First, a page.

november 2002




Why the Mandrake Community should move on... 01.15.2003


First of all, Mandrake is having money troubles. For those that have been following the Linux news and in particular the Mandrake news this will not surprise you. But what might surprise you, if you haven't been closely following the details of the news, is why.

I'm sure most people in the Mandrake community read the SlashDot headline and didn't read further. And those that did very likely did not see the implications of the article. In short the details are as follows. Mandrakesoft needs 4 Million Euros to continue operating. It needs this because in 2000 new management was brought in by some investors and they decided to turn the company into an e-learning/e-support company whose products were based off of Linux. They increased operating expenses 400%. Prior to this Mandrake had been a profitable company. So what does this mean for us? It simply means that Mandrake is not appealing to us because their Linux sales have been poor. That is simply not the case. In fact they've had impressive growth in their sales. From 1998/1999 Fiscal Year to the 1999/2000 Fiscal Year they had a 424% increase in revenues. From 1999/2000 to 2000/2001 they had an 18% increase. And from 2000/2001 to 2001/2002 they've reported a 31% increase. Considering the technology and economic downturns in the US (one of Mandrake's largest markets) these are really good results. Most technology companies have not been showing any revenue growth at all.

Consider for a moment Microsoft Corporation. Between 1998 and 1999 they had a 29% increase in revenues. 1999-2000 16% increase. 2000-2001 10% increase. 2001-2002 12% increase. (Source: Microsoft's 2002 10K Annual Report) Microsoft is the darling of Wall Street when you start looking at financial results, posting absolutely amazing growth year over year. Compare that to Mandrakesoft's short history and you'll see that Mandrakesoft is doing quite well. Now all of this is only looking at revenues, and Microsoft is a profitable company and Mandrakesoft is not. I think it is clear that it is not because the Linux market has been treating them poorly. It's simply because they made poor choices and decided to expand into an entirely unrelated market. I have to wonder, but have inadequate financials from Mandrakesoft to tell for sure, if after taking out the long term contracts they say they had to sign and the expenses thereto if the Linux distribution business is not already profitable. Unfortunately I can only speculate on this; Mandrake is a French company and does not have to release nearly as detailed information as American companies do.

It is important to note where the money that Mandrakesoft wants us to send their way is going to go. They are not entirely clear, but they say it will first go to pay off the outstanding debts they incurred from the e-learning business. More than likely the vast majority of the money they manage to raise will not end up in the pockets of the developers producing Mandrake. Or for that matter even support the Mandrake products that we know and love. Most of the community has responded to the appeals Mandrake has made so far with the idea that this money was going to support Mandrake Linux not Mandrakesoft. Make no mistake about it; this is a commercial entity out to make a profit. They have large investors such as Viventures (owned by Vivendi Universal, the people who own Universal Studios, and various other media properties). Should Mandrakesoft fail they will lose their investment in the company. Ultimately our money is going to line the pockets of such investors. Not directly mind you, but indirectly. It is these investors who will benefit most from a profitable Mandrakesoft. They'll see the stock value go up and possibly even dividends. Even if Mandrakesoft fails we have not lost the software it has produced. The distribution is entirely open source software, even the software Mandrakesoft wrote (they GPL all their software).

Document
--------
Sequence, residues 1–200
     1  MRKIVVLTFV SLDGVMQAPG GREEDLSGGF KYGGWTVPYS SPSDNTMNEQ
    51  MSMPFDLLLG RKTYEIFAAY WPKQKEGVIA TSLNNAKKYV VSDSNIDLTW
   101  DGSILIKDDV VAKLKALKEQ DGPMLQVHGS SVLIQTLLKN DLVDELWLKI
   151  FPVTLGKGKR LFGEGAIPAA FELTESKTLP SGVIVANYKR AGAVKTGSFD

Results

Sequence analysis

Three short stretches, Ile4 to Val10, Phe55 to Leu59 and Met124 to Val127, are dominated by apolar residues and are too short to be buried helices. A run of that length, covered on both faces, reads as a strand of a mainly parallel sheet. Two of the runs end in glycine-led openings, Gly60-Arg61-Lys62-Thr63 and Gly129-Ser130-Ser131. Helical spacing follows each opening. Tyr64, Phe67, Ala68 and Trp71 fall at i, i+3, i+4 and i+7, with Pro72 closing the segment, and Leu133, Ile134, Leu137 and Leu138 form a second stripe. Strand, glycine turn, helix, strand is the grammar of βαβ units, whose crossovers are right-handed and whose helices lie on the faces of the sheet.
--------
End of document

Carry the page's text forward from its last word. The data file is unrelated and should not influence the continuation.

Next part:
In fact Mandrake is so unstable that The Register found it credible enough to run a vague story that Mandrake is considring filing for bankruptcy. Even if it's not true, it's certainly an indication as to their position that The Register would even consider running such a story. Newsforge has a more level headed story.


The second area of problems I see for Mandrake is value. I mean value to the customer for what they give Mandrake. Now this may seem to be odd. Mandrake practically gives away its distribution. And its software is still seriously cheaper than commercial operating systems like Windows and comes with a lot more programs at that. But the fact is that price is relative. Why pay $30 for something you can download from the Internet and burn on 3 CDs that cost you $3? The printed quick startup guide you get for your $30 is included in the download edition as a PDF, also for free . So all you get for your $30 is 30 days of installation support. Now that wouldn't be too bad of a deal, if online support wasn't simply available for free (i.e. mailing lists, IRC channels, and the various web based forums). There's no guarantee that you'll get an answer, however the truth is that MandrakeExpert (how you get support from Mandrake), is for the most part support provided by the community, not Mandrake employees. As far as I know these people aren't getting anything for what they are doing. If they do get something it's likely pretty minimal, probably a VIP account on the MandrakeClub and maybe a t-shirt.

If you move up to the PowerPack, you get 7 CDs. The first 3 are identical to the Standard Edition set. Then you get a CD with some of the contrib applications that you can also download from the net for free, they won't be integrated into the install, but if you really want that you can build your own set of CDs instead of using their ISOs. But really, with urpmi, it's very easy to install contrib packages. The next CD is a sources CD. Even though I'm a developer, I've yet to ever even put this CD into my computer. I just download whatever source rpms I need. So the unique content comes down to two commercial applications cds, of which the vast majority of the content is simply trial apps or apps that you can download for free elsewhere (e.g. FlashPlayer, RealPlayer, Crossover [trial]). So now we are back to support, for this you get 1 unit of phone support and 60 days of support via MandrakeExpert. The phone support is a real bonus here. Of course it's only installation support. I have to wonder how many of their customers really call phone support, when free online support is available? Especially, considering that Mandrake as far as I can tell doesn't offer phone support separately from the boxed copy. Nowhere on their site can I find an offer to purchase phone support seperately.